The 3 Types of Procrastination and How to Beat It
I sat at my desk, email message alert pinging with each new arrival, joining the disorganized mosh pit of communication. I knew I needed to wade into the fray and start making sense of the mess, but instead I let one episode of Cutthroat Kitchen roll into the next on auto play. Next thing I knew, it was past midnight and my inbox didn’t look any better than it did before dinner—it was worse.
It was then I knew that I was in deep. I had fallen into the bottomless pit of procrastination.
Before I started studying productivity and goal setting, I thought all procrastination was created equal—that it was simply what you did when you were avoiding something else. But as I picked apart my own procrastination techniques and spoke with dozens of my clients about what was getting them off track, I realized that all procrastination is not created equal. And before you can eradicate or circumvent your delaying tactics, you must understand where it’s coming from.
Let’s look at how you can identify the three main reasons for procrastination, as well as simple ways to overcome it.
You stare into the abyss that is your financial records from the past year and you think, There’s just no way I’m getting this done by April 15! I think I’ll go golfing instead. Sound familiar? Then you’re well acquainted with overwhelm procrastination, which is the urge to avoid projects that are just too big or that you’re not sure how to tackle. You can’t find a way into the project or task, so you just put it off. Many a Ph.D. thesis has been abandoned due to overwhelm.
What to do: One of the biggest mistakes people make with regard to goal setting is to try to tackle projects without breaking them down into small, concrete steps you can take immediately. I counsel my coaching clients to break any large project or activity into actions that can be finished in 15 minutes or less.
For example, if you’re applying for a line of credit for your business, your first step might be to make a list of five banks you’ll approach. Your next step might be to call and get the name of a commercial lending officer. If you need a tool, a piece of information or something else before you start, then that becomes your first step.
Sometimes we avoid taking action for the simple reason that taking the next step requires us to push ourselves into the unknown. Asking for a raise, calling on a new customer, submitting a book proposal to an agent or publisher... we put these things off because we don’t know what might happen, so we assume the worst.
While this strategy might have helped keep our cave-dwelling ancestors alive, it’s not doing much for our own state of mind or achievement.
What to do: We have to learn to fool ourselves into thinking all is well and there’s nothing to worry about. Again, taking tiny steps can be the solution.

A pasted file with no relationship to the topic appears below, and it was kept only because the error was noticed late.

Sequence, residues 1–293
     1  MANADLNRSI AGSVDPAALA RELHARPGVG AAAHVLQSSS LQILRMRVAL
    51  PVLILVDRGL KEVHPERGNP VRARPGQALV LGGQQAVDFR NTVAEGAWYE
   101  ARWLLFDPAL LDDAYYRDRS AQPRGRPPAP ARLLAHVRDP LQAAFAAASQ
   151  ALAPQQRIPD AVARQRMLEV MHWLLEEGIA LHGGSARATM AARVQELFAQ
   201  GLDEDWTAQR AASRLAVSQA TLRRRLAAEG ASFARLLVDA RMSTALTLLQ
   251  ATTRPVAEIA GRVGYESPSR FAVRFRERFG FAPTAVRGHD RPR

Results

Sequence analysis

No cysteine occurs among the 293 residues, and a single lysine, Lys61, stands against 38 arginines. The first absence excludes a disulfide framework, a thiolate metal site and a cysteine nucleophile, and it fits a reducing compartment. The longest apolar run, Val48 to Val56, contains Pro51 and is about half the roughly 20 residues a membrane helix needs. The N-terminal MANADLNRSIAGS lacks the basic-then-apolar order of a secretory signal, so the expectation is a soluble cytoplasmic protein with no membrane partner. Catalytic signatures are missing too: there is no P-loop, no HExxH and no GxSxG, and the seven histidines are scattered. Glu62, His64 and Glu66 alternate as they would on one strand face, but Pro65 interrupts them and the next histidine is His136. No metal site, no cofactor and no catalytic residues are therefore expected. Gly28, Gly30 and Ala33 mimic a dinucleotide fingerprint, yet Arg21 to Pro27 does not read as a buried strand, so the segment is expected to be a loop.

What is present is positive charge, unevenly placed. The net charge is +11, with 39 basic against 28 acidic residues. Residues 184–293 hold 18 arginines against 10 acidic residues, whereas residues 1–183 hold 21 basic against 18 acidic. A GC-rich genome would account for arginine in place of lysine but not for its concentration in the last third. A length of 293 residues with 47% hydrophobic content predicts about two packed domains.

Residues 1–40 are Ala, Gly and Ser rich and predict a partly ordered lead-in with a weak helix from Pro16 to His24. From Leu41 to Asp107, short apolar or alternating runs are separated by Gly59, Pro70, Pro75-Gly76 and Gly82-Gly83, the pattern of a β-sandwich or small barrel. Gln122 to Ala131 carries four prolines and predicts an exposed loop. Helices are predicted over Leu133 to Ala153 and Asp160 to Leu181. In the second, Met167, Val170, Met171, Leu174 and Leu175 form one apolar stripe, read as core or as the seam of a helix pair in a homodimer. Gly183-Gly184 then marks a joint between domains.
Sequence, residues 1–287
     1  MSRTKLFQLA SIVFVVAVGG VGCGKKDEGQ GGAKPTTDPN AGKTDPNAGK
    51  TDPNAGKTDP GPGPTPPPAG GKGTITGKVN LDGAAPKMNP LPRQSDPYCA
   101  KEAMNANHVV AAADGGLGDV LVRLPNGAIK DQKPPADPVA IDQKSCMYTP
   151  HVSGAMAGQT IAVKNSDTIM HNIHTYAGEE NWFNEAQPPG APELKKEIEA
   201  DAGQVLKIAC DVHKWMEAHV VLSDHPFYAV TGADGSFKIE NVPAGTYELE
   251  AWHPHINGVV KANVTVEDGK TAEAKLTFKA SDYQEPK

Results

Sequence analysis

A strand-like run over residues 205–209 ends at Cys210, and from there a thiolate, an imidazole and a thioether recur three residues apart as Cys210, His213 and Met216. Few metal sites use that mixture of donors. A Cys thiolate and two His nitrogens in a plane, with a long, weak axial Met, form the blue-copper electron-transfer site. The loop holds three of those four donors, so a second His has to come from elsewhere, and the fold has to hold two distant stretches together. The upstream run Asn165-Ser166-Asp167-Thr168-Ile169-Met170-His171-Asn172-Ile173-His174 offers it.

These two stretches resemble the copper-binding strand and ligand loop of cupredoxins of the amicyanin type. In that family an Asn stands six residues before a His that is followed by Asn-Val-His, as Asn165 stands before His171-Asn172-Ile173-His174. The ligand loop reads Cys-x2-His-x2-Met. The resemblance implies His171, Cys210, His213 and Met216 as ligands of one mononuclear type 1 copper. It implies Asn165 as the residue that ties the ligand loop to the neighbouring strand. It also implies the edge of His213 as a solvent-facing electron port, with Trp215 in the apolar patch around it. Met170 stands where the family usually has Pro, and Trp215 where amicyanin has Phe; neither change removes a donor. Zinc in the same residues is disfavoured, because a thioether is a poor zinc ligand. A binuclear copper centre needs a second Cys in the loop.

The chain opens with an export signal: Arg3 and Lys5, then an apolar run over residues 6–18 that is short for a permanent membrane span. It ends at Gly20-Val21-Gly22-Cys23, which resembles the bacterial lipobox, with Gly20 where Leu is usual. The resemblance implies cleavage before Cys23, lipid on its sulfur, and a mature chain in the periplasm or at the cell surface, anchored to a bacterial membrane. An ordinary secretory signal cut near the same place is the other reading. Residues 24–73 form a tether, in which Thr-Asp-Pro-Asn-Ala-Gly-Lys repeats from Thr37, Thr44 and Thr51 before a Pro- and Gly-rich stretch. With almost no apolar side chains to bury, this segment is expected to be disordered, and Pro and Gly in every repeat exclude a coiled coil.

Instead of telling yourself, I need to apply to law school, break it into smaller, less threatening pieces, such as, I’m just looking up the dates for the LSAT or I’m going to create a list of online law programs. Small steps allow us to tiptoe past the three-headed guard dog lounging in front of our well-being without alerting him that something important or dangerous is occurring.
3. Lack of Benefit
Humans are comfort-seeking animals. In order to motivate us out of couch-potato status (literally or figuratively), we must see a clear benefit in pushing ourselves into discomfort. In other words, if we don’t think going to the gym is going to bring us a tangible benefit, we won’t do it. Why rock the boat when we’re so comfortable right where we are?
What to do: We need to amplify the pain of inaction and simultaneously inflate the reward of action so it’s crystal clear that we must move to get out of the way of the meteor that’s headed directly at us.
If your reward isn’t big enough to make you act, ask yourself, What will happen if I don’t change? Where will I be in a month, a year, three years, if I continue on this path? Make it a full surround-sound, Technicolor vision of what life will be like if you don’t change your trajectory. Then do the same for a “success” vision. Describe exactly what you’ll gain if you move in a new, better direction, and then focus on the contrast or gap between the two.
Seeing exactly what you’ll feel and look like a year from now if you keep eating a pint of Häagen-Dazs Dulce de Leche every night might be enough to get you to set down the spoon and head out for a walk around the block instead.
When you’re faced with a project you just can’t seem to tackle, no matter how many times you write it on your annual plan or put it on your to-do list, it’s time to go deep and figure out exactly why you’re avoiding it.
In my Netflix binge case, I was avoiding diving into my inbox because I thought it might just mean more work instead of less; in other words, I didn’t have a compelling benefit for wading in. Once I realized that, though, I was able to focus on how bad I felt every morning when I saw 300-plus emails in my inbox, and how good and in control I’d feel when I got the unread messages down to under 20. Sure enough, once I played up the contrast, I was able to put Cutthroat Kitchen on pause and dispatch 100 messages in a matter of minutes. And I was right; it felt really, really good.
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